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Ula-class submarine
Ula class submarine
Ula class submarine
Class overview
Builders: Kongsberg/Nordseewerke
Operators: Royal Norwegian Navy
Preceded by: Kobben class
Built: 1987–1992
In commission: April 1989[1] – present
Completed: 6
General characteristics
Type: Submarine
Displacement: Surface: 1,040 tons
Submerged: 1,150 tons
Length: 59 m (194 ft)
Beam: 5.4 m (18 ft)
Draft: 4.6 m (15 ft)
Propulsion: Diesel-electric
2 MTU 16V 396 diesel engines (970kW each)
1 electric motor, 6,000 shp
Speed: Surface: 11 kn (20 km/h)
Submerged: 23 kn (43 km/h)
Range: 5,000 miles at 8 knots (15 km/h)
Test depth: 200+m (700+ft)[2]
Complement: Approx. 18–21[citation needed]
Sensors and
processing systems:
Radar: Kelvin Hughes 1007 Surface Search
Sonar: Atlas Elektronik CSU83
Thomson Sintra flank array
Armament: 8 bow 21" torpedo tubes
14 Atlas Elektronik DM2A3 torpedoes
Notes: Unit cost: 700,000,000 NOK[1]

The Ula class is a Norwegian submarine type which was assembled in Germany in the late 1980s and early 1990s. The class, consisting of six vessels, is currently the only submarine type in service with the Royal Norwegian Navy.


The ordering of a new Norwegian submersible design stemmed from a 1972 decision to modernize the Royal Norwegian Navy (RNoN) submarine flotilla, which then consisted of the aging Kobben class submarines.

The construction of the vessels was an international project. The combat systems were made in Norway by Kongsberg, the attack sonar is German and the flank sonars French. The hull sections were produced in Norway and assembled in Germany by Thyssen Nordseewerke, Emden. In Germany, the design is known as the U-Boot-Klasse 210.

When commissioned, Ulas were the first Norwegian submarines to have enough bunks for the entire crew and a shower.[1]

The Ula class submarines are among the most silent and maneuverable submarines in the world. This, in combination with their relatively small size, makes them difficult to detect from surface vessels and ideal for operations in coastal areas. The Ula class submarines are regarded as both the most effective and cost-effective weapons in the RNoN.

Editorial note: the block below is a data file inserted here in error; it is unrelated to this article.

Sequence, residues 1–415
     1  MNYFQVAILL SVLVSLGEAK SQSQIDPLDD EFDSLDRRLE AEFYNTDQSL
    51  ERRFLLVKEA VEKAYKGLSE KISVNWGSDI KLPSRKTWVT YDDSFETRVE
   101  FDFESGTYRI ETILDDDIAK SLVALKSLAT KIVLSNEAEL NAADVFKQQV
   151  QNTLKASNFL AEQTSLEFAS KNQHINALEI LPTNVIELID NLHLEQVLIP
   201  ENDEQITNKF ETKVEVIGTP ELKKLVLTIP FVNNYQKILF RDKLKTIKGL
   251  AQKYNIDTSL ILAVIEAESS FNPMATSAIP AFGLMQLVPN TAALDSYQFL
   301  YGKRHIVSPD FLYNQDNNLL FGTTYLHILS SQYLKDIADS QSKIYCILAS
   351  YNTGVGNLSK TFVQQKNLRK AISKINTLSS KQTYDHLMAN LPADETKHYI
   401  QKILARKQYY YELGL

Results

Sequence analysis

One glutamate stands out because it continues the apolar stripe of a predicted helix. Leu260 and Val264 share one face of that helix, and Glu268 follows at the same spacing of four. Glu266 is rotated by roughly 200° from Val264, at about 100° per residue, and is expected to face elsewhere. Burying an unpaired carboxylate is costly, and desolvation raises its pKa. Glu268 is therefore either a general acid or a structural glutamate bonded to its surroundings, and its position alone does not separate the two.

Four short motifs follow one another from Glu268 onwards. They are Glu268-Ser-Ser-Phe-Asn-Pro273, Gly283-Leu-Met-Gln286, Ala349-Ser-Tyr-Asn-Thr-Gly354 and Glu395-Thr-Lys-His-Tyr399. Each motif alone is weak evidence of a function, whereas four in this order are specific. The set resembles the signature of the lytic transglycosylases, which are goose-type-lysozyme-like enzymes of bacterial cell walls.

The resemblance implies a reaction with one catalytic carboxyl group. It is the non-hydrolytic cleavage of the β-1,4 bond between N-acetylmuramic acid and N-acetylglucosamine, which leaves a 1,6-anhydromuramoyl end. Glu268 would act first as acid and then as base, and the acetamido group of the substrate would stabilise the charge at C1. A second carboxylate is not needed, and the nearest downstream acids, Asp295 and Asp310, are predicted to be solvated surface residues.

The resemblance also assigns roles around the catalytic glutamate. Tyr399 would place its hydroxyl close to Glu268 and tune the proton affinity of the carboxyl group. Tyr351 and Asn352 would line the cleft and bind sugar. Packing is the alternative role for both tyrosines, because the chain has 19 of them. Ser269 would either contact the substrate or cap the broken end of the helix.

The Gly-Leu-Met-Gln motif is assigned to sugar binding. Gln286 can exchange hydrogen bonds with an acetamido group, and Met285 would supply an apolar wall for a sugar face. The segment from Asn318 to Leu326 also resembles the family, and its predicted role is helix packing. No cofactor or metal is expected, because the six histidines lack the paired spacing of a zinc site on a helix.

In recent years, several submarines of the Ula class have been deployed in the Mediterranean Sea in support of the NATO Operation Active Endeavour, where their intelligence-gathering ability surpassed expectations. Their operational availability proved to be highest of all ships taking part in the operation. This mission highlighted a need for better temperature regulation for crew comfort in warm waters. As a result, HNoMS Ula was "tropicalized" by the installation of new cooling systems, and two more of the class designated for "tropicalization".

Future submarine capability

During 2006-2008 the Ula class was slated for modernisation. Most notably, new communication equipment (Link 11), new electronic warfare support measures and a periscope upgrade.[3] In May 2008, a contract for new sonars was signed, with the first submarine to have new sonar 21 months after that, and the last 52 months later ( article). The Ula class will probably be kept in service until 2020.[4]

In 2014 the MoD will decide on a replacement submarine project, to commence 2020 or thereabouts.[5]


Six submarines were delivered (1989–1992) to the RNoN. All are based at Haakonsvern in Bergen. The boats are all named after places in Norway, with the exception of S305, Uredd ("Unafraid" in English), in honor of the WWII submarine HNoMS Uredd (P-41). The ship prefix for RNoN vessels is KNM (Kongelig Norsk Marine, Royal Norwegian Navy), in English HNoMS (His Norwegian Majesty's Ship).

Vessel list

Ula class in order of delivery[6]
# Name Commissioned
S 300 HNoMS Ula 1989
S 301 HNoMS Utsira 1992
S 302 HNoMS Utstein 1991
S 303 HNoMS Utvær 1990
S 304 HNoMS Uthaug 1991
S 305 HNoMS Uredd 1990


See also


  1. 1.0 1.1 1.2 (Norwegian) Hvem Hva Hvor 1990, ISBN 82-516-1267-5, yearbook issued by Aftenposten.
  3. (Norwegian) Videreutvikling av ULA-klasse u-båter, Forsvarsdepartementet
  4. (Norwegian) Ula-klassen, Forsvarsnett
  5. "Request for Information (RFI) regarding submarine capability beyond 2020 has been forwarded to shipyards."
  6. World Navies Today: Norway, Haze Gray

External links

(Norwegian) "Oppdaterer ubåtene"
(Norwegian) "Her tar den norske ubåten smuglerskipene"
(Norwegian) "Hestehviskerne"

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